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Minnesota Looks Doubtful To Legalize Sports Betting

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The Minnesota House last week passed a sports betting bill that would put the state’s tribes in control of wagering, while a Senate attempt to attach more commercial-friendly language to a budget bill failed. The chambers remain at odds about who should control gaming, and it’s likely the session will close Monday without action on legal wagering.

Some lawmakers in Minnesota have been trying to legalize since April 2018, when Rep. Pat Garofalo drafted the state’s first bill. This session marked the first time a bill passed either chamber, but given the chasm between what the House wants (digital wagering run by the tribes) and what the Senate wants (a more inclusive law that would allow wagering at tribal casinos and horse racetracks) it’s likely lawmakers will have to go back to the drawing board.

“When it comes to sports betting, we need those stakeholders to continue to have discussions. It cannot be one-sided,” Senate Majority Leader Jeremy Miller told CBS Minnesota last week.

House bill gives tribes exclusivity

To recap, Rep. Zach Stephenson marched his bill through five House committees, each of which offered a little tweak, before it got to the House floor, where an amended version was approved last Thursday.

That bill would allow for statewide mobile wagering tethered to tribal casinos. Sports betting would be taxed at 10% of gross gaming revenue, and state revenue would be used to pay for regulatory costs, to fund problem and responsible gaming initiatives, and to support youth sports programs in at-risk communities. The legal wagering age would be 21, up from 18 in the original version of the bill.

Stephenson has spent considerable time getting the state’s tribes on board. In previous years, the Minnesota Indian Gaming Association repeatedly said it would not support a wagering bill, but this year, it was all in. Unlike the House, however, the Senate is unwilling to give the tribes exclusivity.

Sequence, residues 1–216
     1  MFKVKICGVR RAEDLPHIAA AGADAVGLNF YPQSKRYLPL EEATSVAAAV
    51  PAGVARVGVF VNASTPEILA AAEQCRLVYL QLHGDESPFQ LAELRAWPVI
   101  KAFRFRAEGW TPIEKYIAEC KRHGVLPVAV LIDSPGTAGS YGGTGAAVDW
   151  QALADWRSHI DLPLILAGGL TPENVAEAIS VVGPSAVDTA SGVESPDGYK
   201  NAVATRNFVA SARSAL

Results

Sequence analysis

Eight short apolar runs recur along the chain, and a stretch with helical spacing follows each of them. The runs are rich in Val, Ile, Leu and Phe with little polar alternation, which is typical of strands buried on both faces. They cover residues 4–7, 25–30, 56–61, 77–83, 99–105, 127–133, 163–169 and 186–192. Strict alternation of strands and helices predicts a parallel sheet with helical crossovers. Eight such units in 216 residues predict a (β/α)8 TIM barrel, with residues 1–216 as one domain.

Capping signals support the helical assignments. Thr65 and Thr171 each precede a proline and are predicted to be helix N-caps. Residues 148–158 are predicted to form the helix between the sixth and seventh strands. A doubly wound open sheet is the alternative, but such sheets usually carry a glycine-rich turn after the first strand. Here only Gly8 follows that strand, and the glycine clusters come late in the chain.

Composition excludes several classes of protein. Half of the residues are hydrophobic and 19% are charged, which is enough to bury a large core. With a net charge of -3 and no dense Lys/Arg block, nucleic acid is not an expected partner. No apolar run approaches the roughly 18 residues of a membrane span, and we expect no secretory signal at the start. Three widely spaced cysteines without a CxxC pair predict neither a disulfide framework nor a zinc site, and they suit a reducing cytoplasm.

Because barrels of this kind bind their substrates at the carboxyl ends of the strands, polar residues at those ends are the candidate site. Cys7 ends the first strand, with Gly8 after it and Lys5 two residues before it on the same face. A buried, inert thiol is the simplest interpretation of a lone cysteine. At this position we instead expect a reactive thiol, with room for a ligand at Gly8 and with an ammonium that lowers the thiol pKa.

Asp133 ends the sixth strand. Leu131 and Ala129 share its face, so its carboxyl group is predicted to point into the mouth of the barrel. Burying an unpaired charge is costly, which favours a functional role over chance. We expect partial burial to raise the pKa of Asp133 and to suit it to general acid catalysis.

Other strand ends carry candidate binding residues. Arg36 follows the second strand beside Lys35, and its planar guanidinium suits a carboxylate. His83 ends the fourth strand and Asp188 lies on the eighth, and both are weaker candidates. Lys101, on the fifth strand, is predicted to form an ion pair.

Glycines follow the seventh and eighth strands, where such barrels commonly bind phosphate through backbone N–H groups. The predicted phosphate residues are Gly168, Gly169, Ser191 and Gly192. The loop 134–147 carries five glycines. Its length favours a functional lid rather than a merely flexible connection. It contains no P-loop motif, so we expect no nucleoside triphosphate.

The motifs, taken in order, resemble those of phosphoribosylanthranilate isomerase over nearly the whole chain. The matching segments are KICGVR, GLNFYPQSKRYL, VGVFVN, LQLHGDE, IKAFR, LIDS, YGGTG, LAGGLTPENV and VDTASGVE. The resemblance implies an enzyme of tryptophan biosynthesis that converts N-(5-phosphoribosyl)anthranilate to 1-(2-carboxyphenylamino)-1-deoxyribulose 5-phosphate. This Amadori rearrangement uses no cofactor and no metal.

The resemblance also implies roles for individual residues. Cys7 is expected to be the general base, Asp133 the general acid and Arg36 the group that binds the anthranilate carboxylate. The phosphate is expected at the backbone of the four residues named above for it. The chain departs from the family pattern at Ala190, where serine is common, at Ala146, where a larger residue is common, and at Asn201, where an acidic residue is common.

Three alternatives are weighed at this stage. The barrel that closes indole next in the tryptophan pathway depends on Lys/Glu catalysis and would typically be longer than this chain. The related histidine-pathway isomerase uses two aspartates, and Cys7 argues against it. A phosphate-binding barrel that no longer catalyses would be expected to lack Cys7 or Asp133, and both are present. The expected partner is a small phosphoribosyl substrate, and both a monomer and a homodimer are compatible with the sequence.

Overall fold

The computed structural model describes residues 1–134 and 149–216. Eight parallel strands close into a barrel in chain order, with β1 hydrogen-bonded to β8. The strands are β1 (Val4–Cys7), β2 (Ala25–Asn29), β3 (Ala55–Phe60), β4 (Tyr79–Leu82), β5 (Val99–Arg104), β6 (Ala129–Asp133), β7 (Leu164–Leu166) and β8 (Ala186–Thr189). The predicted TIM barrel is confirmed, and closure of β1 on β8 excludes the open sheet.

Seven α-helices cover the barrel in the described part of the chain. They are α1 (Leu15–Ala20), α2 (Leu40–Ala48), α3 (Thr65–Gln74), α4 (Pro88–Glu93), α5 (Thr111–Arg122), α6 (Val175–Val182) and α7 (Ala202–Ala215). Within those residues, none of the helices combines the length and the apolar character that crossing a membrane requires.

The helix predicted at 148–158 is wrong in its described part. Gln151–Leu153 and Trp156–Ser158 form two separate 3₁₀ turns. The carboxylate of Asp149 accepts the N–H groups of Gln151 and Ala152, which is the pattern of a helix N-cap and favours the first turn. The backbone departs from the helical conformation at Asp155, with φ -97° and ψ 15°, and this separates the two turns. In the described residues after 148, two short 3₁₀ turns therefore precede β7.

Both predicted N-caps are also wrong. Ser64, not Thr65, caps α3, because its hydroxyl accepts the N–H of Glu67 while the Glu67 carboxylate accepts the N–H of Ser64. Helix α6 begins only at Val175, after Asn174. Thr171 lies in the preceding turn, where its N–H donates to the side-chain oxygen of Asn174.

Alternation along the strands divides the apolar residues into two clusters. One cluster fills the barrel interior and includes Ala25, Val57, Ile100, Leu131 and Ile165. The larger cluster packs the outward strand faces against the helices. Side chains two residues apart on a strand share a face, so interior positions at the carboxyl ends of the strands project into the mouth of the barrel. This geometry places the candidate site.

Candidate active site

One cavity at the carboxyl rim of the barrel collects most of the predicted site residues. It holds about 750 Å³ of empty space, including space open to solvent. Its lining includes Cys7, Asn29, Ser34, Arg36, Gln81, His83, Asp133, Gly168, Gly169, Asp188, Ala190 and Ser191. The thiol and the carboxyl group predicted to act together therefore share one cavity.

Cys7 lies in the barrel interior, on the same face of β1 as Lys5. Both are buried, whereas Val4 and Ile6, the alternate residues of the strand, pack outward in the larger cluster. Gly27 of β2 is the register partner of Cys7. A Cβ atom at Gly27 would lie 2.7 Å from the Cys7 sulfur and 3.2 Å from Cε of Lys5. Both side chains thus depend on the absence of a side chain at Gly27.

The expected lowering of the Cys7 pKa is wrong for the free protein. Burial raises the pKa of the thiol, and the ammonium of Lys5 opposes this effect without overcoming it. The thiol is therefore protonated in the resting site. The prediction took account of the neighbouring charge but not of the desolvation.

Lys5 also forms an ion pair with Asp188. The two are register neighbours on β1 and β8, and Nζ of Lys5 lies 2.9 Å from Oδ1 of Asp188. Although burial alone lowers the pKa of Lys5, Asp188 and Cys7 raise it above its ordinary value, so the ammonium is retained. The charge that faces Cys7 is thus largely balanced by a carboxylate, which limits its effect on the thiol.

The only legal sports betting state where tribes have retained total exclusivity is Washington, where in-person wagering is legal. In Arizona, Connecticut, and Michigan, where tribes worked directly with state legislators to legalize, the tribes had to agree to allow some commercial entities to participate in order to get sports betting passed.

In California, a coalition of tribes has a sports betting initiative on the 2022 ballot that would enable consumers to wager at tribal casinos and four racetracks.

Senate didn’t move a bill

On the Senate side in Minnesota, a bill introduced by Sen. Roger Chamberlain has been sitting in the Committee for State Government Finance and Policy and Elections since February 2021. Sen. Carla Bingham and Garofalo last year also promised a wagering bill, but it didn’t gain any traction. Bingham tried floating an amendment to the Senate’s budget bill last week, but the amendment was considered “out of order,” as it wasn’t directly related to the tax bill.

Since the U.S. Supreme Court overturned the Professional and Amateur Sports Protection Act in May 2018, Minnesota neighbors Iowa, North Dakota, South Dakota, and Wisconsin, as well as the Canadian province of Ontario, have legalized or gone live with some form of wagering. Digital betting is legal in Iowa and Ontario, tribes in North Dakota currently offer in-person wagering, South Dakota lawmakers legalized retail betting in Deadwood, and the Oneida tribe in Wisconsin in 2021 became the first tribe there to re-compact to allow in-person betting.



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